366 Mass. 308

September 18, 1974 - November 5, 1974

Suffolk County


Uncollected and uncollectible accounts receivable must be included within a vendor's "gross receipts" for purposes of computing the amount of the sales tax imposed by G. L. c. 64H, Section 2. [308-309]

APPEAL from a decision of the Appellate Tax Board.

Marshall M. Dranetz (Charles S. Landry with him) for the taxpayer.

Sandra L. Lynch, Assistant Attorney General, for the State Tax Commission, was present but did not argue.

HENNESSEY, J. This is an appeal pursuant to G. L. c. 58A, Section 13, from a decision of the Appellate Tax Board denying, in part, the taxpayer's request for certain rulings of law. The requested rulings would have resulted in an abatement of the amount of sales tax assessed against the taxpayer. The sole issue raised by this appeal is whether the sales tax imposed by G. L. c. 64H, Section 2, can be assessed and collected on accounts receivable irrespective of whether those accounts have been collected by the vendor.

Our examination of the language and clear meaning of the statute compels us to conclude that accounts receivable are included within gross receipts for purposes of assessing the sales tax. We find no basis for interpreting the statute in a manner contrary to its plain meaning, and the words used by the Legislature are controlling. Ocean Spray Cranberries, Inc. v. State Tax Commn. 355 Mass. 592 , 596 (1969). Chatham Corp. v. State Tax Commn. 362 Mass. 216 (1972).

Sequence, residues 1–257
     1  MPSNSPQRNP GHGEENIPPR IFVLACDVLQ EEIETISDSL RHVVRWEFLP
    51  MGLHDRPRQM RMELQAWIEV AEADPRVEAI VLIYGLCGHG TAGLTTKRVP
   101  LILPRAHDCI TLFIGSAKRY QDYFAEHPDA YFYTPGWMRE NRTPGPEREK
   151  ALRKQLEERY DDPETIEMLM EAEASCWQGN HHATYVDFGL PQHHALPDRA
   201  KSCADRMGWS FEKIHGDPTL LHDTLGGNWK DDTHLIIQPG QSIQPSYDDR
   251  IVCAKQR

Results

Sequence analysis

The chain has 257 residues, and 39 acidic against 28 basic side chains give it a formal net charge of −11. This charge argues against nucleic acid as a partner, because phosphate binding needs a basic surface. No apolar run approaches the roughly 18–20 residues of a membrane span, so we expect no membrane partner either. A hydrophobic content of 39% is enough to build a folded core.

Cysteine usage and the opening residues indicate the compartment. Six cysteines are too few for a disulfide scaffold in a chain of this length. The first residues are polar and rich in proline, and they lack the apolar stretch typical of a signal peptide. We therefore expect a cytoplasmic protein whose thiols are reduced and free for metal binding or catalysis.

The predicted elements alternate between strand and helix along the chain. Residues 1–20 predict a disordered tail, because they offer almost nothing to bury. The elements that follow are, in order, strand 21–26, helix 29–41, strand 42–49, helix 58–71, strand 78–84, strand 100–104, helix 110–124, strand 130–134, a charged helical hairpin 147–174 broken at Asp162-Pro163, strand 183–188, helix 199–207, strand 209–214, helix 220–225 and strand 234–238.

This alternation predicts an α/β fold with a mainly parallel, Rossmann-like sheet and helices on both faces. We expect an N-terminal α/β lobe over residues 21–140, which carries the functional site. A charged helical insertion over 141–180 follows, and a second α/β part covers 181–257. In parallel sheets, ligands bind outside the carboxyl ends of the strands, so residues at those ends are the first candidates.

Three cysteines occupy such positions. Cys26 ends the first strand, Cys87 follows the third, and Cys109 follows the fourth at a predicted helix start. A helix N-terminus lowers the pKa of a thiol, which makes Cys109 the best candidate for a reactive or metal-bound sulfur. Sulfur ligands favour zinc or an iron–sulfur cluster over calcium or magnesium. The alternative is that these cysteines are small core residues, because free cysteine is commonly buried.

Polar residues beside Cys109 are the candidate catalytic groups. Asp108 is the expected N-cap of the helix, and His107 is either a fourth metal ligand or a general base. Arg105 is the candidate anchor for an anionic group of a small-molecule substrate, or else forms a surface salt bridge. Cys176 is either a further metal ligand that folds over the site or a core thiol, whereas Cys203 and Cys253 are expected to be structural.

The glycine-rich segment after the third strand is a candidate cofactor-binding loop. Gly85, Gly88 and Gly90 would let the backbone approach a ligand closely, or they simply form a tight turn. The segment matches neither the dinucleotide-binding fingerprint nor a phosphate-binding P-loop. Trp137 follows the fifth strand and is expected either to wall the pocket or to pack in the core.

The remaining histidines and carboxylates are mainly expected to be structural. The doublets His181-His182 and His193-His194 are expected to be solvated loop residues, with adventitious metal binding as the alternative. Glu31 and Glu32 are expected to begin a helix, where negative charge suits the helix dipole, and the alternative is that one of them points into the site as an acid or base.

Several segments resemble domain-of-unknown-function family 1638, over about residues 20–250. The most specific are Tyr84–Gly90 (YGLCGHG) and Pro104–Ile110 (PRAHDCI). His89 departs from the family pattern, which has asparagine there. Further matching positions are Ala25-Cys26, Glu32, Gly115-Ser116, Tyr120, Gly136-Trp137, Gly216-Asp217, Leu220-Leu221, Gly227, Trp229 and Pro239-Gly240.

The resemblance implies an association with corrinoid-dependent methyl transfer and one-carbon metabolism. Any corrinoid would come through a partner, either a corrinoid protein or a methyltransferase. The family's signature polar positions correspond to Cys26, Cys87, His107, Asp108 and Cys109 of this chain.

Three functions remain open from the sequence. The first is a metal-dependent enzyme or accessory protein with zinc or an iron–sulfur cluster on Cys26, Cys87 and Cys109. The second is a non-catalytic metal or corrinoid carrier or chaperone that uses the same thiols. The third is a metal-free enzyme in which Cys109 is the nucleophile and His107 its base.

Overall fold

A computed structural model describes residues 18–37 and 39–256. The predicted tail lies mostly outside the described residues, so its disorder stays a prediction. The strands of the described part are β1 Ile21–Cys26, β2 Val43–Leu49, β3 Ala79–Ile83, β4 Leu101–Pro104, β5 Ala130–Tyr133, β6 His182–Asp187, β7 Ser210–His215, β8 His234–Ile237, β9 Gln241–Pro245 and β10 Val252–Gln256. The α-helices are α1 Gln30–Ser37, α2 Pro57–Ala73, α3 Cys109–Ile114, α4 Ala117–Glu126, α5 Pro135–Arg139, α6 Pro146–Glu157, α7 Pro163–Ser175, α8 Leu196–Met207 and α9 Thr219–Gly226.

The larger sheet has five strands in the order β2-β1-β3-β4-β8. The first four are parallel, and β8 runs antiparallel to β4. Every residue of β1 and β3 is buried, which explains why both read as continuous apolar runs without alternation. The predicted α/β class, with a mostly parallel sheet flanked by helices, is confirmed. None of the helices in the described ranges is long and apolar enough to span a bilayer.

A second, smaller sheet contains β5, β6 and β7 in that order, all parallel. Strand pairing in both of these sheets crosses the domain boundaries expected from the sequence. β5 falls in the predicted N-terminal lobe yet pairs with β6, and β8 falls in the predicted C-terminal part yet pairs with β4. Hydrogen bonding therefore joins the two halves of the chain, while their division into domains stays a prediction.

General Laws c. 64H, Section 2, imposes an excise at the rate of

Page 309

three per cent of the "gross receipts" of the vendor. "Gross receipts" as defined by Section 1(6) is "the total sales price received by vendors as a consideration for retail sales." The taxpayer emphasizes the word "received" and argues that uncollected and uncollectible accounts receivable have not been received by the vendor. However, the taxpayer's analysis is in conflict with G. L. c. 64H, Section 1(14)(b), which provides that in determining sales price there shall be included -- "(ii) any amount for which credit is given to the purchaser by the vendor." It is clear from this definition that credit sales, most likely carried on a company's books as accounts receivable, are to be included within the total sales price for the purpose of determining gross receipts and that the proper manner to account for such credit sales is by the accrual method and not the cash basis method. Barrett and Bailey, Taxation (2d ed.) Section 1352 (1970). Dane, The New Sales and Use Tax Law, 51 Mass. L.Q. 239, 250 (1966).

Admittedly, one effect of including credit sales within gross receipts is that a vendor will be required to pay a tax on the entire sales price even though the purchaser may default on the obligation, in whole or in part.

Nevertheless, it is clear from the statutory scheme set forth in G. L. c. 64H that the Legislature intended to include accounts receivable in the total sales price for the purpose of assessing the sales tax. We are bound to give full force and effect to that intent as expressed in this statute. We are not convinced by the taxpayer's argument that the Legislature could not have intended to perpetrate an injustice by requiring assessment on bad debts or uncollected accounts. Any vendor who does not wish to assume this risk may avoid it by collecting the amount of the tax initially from the purchaser and then extending credit on the purchase price.

The decision of the Appellate Tax Board is affirmed.

So ordered.